The Age To Get The HPV Vaccine Was Just Increased — And It's A Big Win For Sexual Health

by Natalia Lusinski
Ashley Batz/Bustle

Human papillomavirus (HPV) is a very common sexually transmitted infection (STI) made up of more than 150 related viruses. It is so common, in fact, that the Centers for Disease Control and Prevention states that approximately 14 million Americans — teenagers, too — get the virus each year.

Up until recently, Gardasil 9, an HPV vaccine that works against nine different types of HPV, had only been approved for women and men between the ages of nine and 26. However, on October 5, the Food and Drug Administration (FDA) announced that Gardasil 9 has been approved for women and men between 27 and 45 years old. This is huge news, as the maximum age of people who can now get the vaccine has nearly doubled. It’s a big win not only for women and men’s sexual health, but for their overall health, too.

“Today’s approval represents an important opportunity to help prevent HPV-related diseases and cancers in a broader age range,” Peter Marks, M.D., Ph.D., director of the FDA’s Center for Biologics Evaluation and Research, said in a statement announcing the news. ”The Centers for Disease Control and Prevention [CDC] has stated that HPV vaccination prior to becoming infected with the HPV types covered by the vaccine has the potential to prevent more than 90 percent of these cancers, or 31,200 cases every year, from ever developing.”

HPV can lead to certain types of cancers, particularly cervical in women and oral HPV in men. So the fact that the vaccination age has been increased will likely prevent more people from getting HPV, as well as HPV-related illnesses.

"Now, men and women up to 45 years old can be protected against this highly contagious and dangerous virus,” Dr. Sherry A. Ross, women’s health expert and author of she-ology. The Definitive Guide to Women’s Intimate Health. Period., tells Bustle. “If everyone up to age 45 years old has access to getting vaccinated, we could eradicate precancerous and cancer not only involving the cervix but also the anus, penis, head, neck, throat or other health risks associated with HPV.”

How HPV Is Transmitted

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Dr. Ross says that if you have HPV, you're not alone. “This is because it is the most common sexually transmitted infection (STI), with over 90 percent of women and 80 percent of men exposed to it,” she says. She adds that HPV is an epidemic and highly contagious. “But there is absolutely no reason to feel shameful if you tested positive for HPV — it’s easily and innocently transmitted.”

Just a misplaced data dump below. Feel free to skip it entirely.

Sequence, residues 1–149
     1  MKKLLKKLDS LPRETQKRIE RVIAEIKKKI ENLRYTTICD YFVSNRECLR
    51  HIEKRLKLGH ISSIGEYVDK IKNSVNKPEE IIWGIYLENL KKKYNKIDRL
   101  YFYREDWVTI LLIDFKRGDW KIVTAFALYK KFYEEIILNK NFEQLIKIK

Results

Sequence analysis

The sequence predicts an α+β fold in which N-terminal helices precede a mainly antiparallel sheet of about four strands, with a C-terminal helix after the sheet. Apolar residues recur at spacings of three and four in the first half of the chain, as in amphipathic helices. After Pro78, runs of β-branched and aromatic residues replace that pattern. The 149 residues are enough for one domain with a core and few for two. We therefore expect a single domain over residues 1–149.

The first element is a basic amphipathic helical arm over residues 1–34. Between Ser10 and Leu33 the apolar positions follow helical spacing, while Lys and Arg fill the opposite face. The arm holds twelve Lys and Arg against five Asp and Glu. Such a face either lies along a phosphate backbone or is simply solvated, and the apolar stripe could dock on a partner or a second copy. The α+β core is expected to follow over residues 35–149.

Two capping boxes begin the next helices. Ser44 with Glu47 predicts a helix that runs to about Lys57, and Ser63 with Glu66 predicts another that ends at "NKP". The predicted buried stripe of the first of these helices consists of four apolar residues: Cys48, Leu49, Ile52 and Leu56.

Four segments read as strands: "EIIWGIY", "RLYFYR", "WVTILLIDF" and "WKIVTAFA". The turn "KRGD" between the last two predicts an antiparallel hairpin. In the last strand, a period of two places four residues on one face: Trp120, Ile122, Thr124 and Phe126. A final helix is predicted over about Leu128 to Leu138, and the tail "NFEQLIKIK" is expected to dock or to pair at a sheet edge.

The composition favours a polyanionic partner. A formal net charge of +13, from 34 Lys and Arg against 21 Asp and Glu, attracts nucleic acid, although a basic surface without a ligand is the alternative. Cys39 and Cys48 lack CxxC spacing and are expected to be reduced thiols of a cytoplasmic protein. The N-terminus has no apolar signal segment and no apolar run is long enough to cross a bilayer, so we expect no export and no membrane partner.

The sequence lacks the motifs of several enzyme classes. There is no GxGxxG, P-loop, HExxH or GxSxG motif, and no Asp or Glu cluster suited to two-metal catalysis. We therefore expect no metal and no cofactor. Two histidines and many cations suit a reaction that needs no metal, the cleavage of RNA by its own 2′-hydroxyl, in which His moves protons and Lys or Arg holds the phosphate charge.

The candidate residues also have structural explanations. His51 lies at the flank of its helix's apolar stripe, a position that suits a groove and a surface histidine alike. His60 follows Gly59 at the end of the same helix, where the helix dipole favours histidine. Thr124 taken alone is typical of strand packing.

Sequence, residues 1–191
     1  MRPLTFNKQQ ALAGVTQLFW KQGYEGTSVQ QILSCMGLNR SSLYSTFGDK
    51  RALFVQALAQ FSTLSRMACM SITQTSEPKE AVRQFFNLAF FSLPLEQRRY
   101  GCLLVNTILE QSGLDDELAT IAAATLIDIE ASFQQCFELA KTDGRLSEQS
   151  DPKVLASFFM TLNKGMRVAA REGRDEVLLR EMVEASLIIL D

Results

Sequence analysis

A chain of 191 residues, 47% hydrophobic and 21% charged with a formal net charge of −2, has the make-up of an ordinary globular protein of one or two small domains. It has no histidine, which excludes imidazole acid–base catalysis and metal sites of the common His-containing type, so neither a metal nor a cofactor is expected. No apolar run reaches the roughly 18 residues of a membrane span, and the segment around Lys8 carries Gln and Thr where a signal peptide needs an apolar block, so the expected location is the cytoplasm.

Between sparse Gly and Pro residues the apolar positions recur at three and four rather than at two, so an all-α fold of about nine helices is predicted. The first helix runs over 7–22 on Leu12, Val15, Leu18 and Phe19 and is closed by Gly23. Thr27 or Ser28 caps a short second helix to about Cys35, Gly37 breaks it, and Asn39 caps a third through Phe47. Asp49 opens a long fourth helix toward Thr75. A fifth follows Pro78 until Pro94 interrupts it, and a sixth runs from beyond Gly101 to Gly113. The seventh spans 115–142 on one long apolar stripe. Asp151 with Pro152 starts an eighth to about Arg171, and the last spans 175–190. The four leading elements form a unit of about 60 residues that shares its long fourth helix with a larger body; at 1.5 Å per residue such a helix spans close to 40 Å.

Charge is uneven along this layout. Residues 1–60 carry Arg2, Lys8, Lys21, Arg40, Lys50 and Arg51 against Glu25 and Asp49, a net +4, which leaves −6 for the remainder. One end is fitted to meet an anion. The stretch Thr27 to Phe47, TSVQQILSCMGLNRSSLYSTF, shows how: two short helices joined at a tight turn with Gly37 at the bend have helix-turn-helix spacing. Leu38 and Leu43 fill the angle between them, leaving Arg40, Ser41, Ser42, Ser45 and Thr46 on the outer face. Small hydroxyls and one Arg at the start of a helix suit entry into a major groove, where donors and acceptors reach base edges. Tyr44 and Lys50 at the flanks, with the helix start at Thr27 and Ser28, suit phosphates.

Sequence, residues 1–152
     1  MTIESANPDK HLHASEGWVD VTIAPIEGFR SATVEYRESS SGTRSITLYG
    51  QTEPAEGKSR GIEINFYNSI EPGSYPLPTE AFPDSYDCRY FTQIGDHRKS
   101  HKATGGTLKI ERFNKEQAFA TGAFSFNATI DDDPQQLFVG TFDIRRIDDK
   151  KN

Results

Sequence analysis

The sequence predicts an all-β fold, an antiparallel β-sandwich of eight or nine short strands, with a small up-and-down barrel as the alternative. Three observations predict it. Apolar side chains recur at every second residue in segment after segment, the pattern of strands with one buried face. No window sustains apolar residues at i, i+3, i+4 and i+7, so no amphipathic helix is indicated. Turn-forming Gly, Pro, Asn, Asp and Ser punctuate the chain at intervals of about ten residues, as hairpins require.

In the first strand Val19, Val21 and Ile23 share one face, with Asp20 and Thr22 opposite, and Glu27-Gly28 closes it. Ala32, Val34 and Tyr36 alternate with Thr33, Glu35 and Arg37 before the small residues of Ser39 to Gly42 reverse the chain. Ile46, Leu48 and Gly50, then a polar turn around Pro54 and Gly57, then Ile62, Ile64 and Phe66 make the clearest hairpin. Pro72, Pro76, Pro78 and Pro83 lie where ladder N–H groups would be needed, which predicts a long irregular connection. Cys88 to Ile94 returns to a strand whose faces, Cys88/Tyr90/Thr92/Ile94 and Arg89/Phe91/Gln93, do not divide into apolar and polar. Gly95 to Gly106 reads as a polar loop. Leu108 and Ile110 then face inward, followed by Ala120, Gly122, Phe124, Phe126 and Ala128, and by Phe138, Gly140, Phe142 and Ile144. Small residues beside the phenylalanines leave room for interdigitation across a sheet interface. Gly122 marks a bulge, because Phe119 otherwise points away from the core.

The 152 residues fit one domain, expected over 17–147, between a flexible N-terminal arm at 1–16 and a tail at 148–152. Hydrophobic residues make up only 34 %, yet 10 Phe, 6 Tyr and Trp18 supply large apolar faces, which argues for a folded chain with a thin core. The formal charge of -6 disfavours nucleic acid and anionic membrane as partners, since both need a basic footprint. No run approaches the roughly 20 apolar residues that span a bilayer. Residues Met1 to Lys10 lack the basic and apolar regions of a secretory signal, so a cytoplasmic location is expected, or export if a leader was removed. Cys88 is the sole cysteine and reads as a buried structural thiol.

HPV is easily spread from person-to-person through sexual contact during vaginal, anal, and oral sex, Dr. Ross says. However, Dr. Michael Krychman, MD, OB/GYN, sexual medicine gynecologist and the executive director of the Southern California Center for Sexual Health and Survivorship Medicine and co-author of The Sexual Spark: 20 Essential Exercises to Reignite the Passion, tells Bustle that most cases of HPV are cleared from the body before people get warts — also known as papillomas — or complications from HPV. However, it’s cause for concern when the body does not clear the infection. So, this is where the HPV vaccine comes into play.

The History Of HPV Vaccines

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According to the FDA, Gardasil had been the vaccine approved by the FDA in 2006 to help prevent certain cancers and diseases caused by four HPV types. However, it is no longer distributed in the U.S. Gardasil 9 was approved by the FDA in 2014 and protects against the same four HPV types as Gardasil, as well as five more HPV strains. In a study among 3,200 women 27 to 45 years old, followed for an average of 3.5 years, Gardasil was 88 percent effective “in the prevention of a combined endpoint of persistent infection, genital warts, vulvar and vaginal precancerous lesions, cervical precancerous lesions, and cervical cancer related to HPV types covered by the vaccine,” states the FDA. The FDA approving Gardasil 9 for women 27 to 45 years of age is based on this study and longer-term follow-up from it.

“To lower your risk of HPV, you must get vaccinated,” Dr. Ross says. “The real beauty of this vaccine is, when taken as directed, it can have a significant impact on the health and well-being of women and men of all ages for generations to come.” So, if you haven’t yet gotten the HPV vaccine and are within the age range to do so, there’s no time like the present.